This 7-year-old recently lost her hair, but her style on Crazy Hair Day was amazing.

In January, 7-year-old Gianessa "Nessa" Wride's hair started falling out. Not just stray strands, but clumps.

It's a scary prospect for adults seven times her age, let alone a child who hasn't even mastered long division yet.  Her mother, Daniella Wride, took it hard.

"I think I took it harder than she did; I would just bawl and cry sometimes,” Wride told local Salt Lake City station KUTV.


Daniella made an appointment for her daughter at the local dermatologist, but by the time she was seen, Nessa's hair was completely gone.

Photo by iStock.

Nessa was diagnosed with alopecia, a condition that results in sudden hair loss.

It occurs when the immune system attacks hair follicles, which is where hair growth begins. The condition has no cure, but is treated with a corticosteroid or, quite simply, patience. Occasionally, the hair loss comes and goes within a year, but 10% of people will never regrow their hair, especially those who are diagnosed at a young age or have a family history of the condition.

It would be easy for most newly bald kids to feel down about Crazy Hair Day at school, but not Nessa.

When Crazy Hair Day was announced, the bubbly first-grader wanted to participate. Mother and daughter worked together to come up with the perfect solution: scrapbooking stickers!

Nessa rocked stick-on gems in cool sparkly patterns, including an owl and flowers.

"She's just so funky and vibrant and she loves everything sparkly," Daniella says.

Nessa looked amazing, and her classmates thought so too.

"When we pulled up to the drop-off lane at school, Gianessa opened the car door and you could already hear people saying things like, 'Oh that's so awesome!' 'That's so cool!,'" Daniella shares. "Gianessa got home from school and she said that all the kids kept swarming her and telling her that they loved her crazy hair, and that they wanted to be just like her."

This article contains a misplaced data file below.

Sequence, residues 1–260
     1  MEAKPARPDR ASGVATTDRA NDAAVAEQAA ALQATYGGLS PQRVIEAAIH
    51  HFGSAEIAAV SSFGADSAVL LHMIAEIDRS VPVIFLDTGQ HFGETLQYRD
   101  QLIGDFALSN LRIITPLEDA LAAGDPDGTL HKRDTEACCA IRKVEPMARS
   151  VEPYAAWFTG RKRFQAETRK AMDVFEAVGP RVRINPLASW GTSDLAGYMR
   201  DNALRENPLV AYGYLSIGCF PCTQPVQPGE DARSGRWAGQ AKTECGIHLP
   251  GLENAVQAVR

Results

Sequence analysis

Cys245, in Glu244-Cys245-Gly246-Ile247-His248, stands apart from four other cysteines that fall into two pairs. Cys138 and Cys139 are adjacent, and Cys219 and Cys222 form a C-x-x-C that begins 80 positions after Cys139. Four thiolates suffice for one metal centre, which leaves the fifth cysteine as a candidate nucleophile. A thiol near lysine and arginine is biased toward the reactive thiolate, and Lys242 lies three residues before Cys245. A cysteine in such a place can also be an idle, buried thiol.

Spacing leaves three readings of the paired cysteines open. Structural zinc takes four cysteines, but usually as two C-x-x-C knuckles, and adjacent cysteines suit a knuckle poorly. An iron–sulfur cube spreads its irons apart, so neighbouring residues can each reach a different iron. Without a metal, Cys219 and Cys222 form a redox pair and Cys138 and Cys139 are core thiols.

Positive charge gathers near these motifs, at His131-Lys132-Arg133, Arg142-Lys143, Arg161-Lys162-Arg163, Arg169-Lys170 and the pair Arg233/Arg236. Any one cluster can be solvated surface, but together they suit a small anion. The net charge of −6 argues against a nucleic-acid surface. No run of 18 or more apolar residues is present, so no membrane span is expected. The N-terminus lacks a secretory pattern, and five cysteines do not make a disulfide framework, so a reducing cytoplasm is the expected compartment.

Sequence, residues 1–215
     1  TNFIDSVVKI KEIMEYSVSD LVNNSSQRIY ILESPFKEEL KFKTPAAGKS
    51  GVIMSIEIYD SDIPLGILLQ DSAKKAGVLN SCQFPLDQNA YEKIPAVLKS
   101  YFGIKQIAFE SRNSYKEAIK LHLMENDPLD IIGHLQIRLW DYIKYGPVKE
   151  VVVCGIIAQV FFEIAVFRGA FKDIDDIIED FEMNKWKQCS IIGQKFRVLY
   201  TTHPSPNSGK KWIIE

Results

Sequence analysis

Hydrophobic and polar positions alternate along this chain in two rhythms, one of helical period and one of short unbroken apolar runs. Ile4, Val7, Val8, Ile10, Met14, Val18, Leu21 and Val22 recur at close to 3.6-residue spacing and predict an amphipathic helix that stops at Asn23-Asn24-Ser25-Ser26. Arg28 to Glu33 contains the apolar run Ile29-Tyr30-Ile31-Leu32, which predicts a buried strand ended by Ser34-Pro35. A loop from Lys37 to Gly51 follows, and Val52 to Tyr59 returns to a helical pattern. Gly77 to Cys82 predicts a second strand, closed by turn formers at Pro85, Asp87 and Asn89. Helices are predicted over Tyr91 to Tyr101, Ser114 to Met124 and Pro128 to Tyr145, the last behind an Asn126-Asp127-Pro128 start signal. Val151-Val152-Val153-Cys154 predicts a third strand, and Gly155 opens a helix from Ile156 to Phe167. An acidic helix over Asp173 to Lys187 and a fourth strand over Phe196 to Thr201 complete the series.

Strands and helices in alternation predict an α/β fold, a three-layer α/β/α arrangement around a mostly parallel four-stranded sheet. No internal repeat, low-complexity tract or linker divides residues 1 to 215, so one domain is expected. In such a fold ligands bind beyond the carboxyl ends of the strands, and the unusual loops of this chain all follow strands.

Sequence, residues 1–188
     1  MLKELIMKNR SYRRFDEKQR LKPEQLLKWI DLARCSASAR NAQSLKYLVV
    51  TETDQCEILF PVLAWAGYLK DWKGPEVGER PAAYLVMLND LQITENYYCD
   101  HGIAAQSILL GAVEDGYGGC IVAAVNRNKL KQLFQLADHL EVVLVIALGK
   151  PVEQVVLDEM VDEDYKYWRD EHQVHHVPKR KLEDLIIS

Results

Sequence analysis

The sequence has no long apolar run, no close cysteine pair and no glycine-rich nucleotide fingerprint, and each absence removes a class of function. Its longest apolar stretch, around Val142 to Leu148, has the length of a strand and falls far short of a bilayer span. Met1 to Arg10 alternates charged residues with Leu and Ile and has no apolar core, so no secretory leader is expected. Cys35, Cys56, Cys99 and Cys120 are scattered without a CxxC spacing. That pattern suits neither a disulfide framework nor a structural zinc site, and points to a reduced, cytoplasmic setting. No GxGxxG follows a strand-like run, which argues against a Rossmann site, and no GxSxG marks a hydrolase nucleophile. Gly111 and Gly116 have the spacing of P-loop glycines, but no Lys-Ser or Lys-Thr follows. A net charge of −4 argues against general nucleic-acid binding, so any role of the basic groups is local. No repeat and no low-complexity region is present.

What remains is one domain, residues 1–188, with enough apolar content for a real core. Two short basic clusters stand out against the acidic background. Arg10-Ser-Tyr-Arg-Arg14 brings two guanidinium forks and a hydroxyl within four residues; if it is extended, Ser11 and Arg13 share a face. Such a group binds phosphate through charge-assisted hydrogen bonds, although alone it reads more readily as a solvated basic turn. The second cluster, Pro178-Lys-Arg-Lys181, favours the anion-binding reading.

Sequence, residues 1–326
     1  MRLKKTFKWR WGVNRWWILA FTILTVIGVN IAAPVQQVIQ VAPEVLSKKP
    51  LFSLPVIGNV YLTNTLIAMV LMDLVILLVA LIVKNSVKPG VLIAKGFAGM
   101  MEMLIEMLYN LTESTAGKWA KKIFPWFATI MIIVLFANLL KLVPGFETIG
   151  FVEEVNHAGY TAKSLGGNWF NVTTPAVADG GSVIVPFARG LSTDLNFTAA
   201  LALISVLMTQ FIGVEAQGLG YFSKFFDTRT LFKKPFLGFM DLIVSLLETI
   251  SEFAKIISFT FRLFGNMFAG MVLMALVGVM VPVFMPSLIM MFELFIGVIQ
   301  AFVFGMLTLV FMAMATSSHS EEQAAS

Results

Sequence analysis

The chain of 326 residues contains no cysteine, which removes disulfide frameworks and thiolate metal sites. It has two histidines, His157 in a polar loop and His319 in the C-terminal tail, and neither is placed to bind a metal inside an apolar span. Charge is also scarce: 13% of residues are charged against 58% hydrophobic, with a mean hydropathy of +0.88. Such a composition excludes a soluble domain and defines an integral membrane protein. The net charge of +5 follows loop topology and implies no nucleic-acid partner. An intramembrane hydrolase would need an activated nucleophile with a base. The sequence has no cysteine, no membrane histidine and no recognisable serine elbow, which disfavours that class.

No matter who you are or the hand you're dealt, positivity is powerful.

It's not always easy. In fact, some days it's downright hard. But a little hope and optimism can go a long away toward making a your day a little better. And maybe someone else's too.

Here's to you, Nessa! Keep shining!

Photo by Anna Shvets from Pexels
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Increasingly customers are looking for more conscious shopping options. According to a Nielsen survey in 2018, nearly half (48%) of U.S. consumers say they would definitely or probably change their consumption habits to reduce their impact on the environment.

But while many consumers are interested in spending their money on products that are more sustainable, few actually follow through. An article in the 2019 issue of Harvard Business Review revealed that 65% of consumers said they want to buy purpose-driven brands that advocate sustainability, but only about 26% actually do so. It's unclear where this intention gap comes from, but thankfully it's getting more convenient to shop sustainably from many of the retailers you already support.

Amazon recently introduced Climate Pledge Friendly, "a new program to help make it easy for customers to discover and shop for more sustainable products." When you're browsing Amazon, a Climate Pledge Friendly label will appear on more than 45,000 products to signify they have one or more different sustainability certifications which "help preserve the natural world, reducing the carbon footprint of shipments to customers," according to the online retailer.